GlaxoSmithKline has cleared a key hurdle for gaining wider use of its cervical cancer vaccine Cervarix, winning the World Health Organization's approval to offer the jab in developing countries. That official green light is a prerequisite for non-profit groups as well as UN agencies that want to buy the vaccine.
And Glaxo quickly followed up, saying that the company plans to explore new financing mechanisms that would ensure broad availability. "We're exploring a variety of distribution partnerships to ensure Cervarix will protect women and girls around the globe," Jean Stephenne, head of vaccines, tells Reuters.
WHO had already approved Gardasil and the Global Alliance for Vaccines and Immunization, a broad umbrella group of international health organizations, has made access to cervical cancer vaccines a top priority. "We're very eager to offer women in developing countries these vaccines because without early screening, they are arguably more vulnerable to cervical cancer," Dan Thomas, a GAVI spokesman, tells the AP.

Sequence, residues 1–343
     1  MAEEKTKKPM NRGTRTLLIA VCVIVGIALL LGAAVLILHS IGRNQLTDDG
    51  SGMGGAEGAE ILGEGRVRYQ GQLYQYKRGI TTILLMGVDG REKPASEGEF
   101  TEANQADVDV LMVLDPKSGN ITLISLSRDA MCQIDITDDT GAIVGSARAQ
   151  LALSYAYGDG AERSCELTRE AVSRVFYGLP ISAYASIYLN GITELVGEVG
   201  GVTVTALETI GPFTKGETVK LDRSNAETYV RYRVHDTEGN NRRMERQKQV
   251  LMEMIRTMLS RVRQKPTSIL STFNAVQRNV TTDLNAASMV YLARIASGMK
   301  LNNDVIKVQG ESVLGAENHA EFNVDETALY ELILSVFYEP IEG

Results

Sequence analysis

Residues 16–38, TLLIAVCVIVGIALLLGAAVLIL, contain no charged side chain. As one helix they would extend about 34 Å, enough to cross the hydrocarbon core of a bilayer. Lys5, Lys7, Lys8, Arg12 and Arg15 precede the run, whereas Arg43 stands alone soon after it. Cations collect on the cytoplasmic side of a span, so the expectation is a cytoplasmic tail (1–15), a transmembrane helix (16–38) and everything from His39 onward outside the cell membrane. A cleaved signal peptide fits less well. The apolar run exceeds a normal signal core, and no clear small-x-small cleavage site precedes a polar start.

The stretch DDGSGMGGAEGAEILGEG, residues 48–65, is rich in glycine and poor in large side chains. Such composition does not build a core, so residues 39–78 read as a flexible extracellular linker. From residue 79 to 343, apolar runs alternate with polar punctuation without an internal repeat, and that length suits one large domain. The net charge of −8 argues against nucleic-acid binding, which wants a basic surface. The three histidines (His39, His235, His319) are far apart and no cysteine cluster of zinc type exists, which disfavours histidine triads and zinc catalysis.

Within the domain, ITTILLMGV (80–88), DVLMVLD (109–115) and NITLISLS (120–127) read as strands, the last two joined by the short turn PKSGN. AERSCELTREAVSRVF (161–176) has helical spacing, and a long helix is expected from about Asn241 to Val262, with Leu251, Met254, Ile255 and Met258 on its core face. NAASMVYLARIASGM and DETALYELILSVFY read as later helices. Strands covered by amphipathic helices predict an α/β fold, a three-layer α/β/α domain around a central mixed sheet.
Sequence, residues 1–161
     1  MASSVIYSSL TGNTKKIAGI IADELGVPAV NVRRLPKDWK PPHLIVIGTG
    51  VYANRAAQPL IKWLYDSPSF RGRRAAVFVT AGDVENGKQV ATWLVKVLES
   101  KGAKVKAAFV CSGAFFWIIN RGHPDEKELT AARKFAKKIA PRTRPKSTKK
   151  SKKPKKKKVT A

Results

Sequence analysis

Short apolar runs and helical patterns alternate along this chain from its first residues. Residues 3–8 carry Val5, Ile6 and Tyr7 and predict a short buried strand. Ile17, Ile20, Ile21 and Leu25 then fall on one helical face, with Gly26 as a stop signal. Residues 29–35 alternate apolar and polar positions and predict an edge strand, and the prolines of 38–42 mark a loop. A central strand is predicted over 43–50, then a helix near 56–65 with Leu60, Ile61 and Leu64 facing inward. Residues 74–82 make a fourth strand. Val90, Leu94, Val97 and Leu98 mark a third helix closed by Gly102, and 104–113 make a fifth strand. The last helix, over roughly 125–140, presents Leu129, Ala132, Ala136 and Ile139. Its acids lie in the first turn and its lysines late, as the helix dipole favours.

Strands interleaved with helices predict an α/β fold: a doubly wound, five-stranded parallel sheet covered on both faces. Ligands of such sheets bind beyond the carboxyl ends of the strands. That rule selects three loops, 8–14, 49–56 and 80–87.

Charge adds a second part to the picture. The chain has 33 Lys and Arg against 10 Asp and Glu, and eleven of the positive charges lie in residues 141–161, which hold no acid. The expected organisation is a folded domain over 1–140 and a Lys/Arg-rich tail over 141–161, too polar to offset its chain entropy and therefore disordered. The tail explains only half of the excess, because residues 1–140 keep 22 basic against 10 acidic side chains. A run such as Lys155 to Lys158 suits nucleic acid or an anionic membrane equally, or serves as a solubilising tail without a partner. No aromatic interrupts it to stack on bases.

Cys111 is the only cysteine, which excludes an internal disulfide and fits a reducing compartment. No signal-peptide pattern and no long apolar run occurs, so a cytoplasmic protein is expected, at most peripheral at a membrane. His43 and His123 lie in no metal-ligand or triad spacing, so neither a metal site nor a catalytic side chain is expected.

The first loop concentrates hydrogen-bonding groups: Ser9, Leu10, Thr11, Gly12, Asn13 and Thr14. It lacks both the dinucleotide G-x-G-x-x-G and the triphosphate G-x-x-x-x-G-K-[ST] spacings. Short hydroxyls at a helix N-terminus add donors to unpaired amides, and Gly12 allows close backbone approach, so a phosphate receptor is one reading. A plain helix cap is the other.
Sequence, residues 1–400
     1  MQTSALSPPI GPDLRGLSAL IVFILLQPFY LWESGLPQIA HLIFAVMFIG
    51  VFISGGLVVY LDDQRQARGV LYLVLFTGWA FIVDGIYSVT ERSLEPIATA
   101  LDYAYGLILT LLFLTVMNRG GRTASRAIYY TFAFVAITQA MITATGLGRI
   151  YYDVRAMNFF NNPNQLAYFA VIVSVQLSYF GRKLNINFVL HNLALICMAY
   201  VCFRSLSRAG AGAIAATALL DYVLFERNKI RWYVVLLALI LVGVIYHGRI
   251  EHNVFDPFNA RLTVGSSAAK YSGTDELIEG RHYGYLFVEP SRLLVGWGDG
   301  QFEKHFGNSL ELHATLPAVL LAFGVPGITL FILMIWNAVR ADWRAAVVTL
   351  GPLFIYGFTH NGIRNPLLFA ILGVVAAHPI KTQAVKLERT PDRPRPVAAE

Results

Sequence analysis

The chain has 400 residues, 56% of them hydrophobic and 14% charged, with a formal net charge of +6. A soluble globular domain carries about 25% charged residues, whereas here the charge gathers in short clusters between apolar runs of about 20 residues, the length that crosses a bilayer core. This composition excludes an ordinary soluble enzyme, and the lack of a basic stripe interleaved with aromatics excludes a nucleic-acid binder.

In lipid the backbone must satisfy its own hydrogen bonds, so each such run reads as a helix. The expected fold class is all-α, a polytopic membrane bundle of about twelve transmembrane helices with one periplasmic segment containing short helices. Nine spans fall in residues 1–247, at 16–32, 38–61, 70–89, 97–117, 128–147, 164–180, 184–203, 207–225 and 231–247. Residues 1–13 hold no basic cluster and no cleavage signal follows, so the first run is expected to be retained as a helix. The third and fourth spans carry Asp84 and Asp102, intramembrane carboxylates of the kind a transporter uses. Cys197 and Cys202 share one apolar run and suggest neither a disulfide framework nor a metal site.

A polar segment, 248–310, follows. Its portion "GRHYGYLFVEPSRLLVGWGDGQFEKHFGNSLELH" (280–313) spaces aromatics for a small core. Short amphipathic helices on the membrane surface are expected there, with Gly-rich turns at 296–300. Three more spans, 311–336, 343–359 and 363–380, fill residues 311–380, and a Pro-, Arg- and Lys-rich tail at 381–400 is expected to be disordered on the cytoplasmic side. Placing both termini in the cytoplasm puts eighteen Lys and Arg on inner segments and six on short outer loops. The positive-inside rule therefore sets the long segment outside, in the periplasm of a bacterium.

It's likely that Glaxo will work out discount prices for global health agencies and nonprofits, a common avenue for Big Pharma companies selling expensive therapies in poor countries. But of the 280,000 women who die from cervical cancer each year, 80 percent live in the developing world. Broader access to lower cost vaccines would save many lives.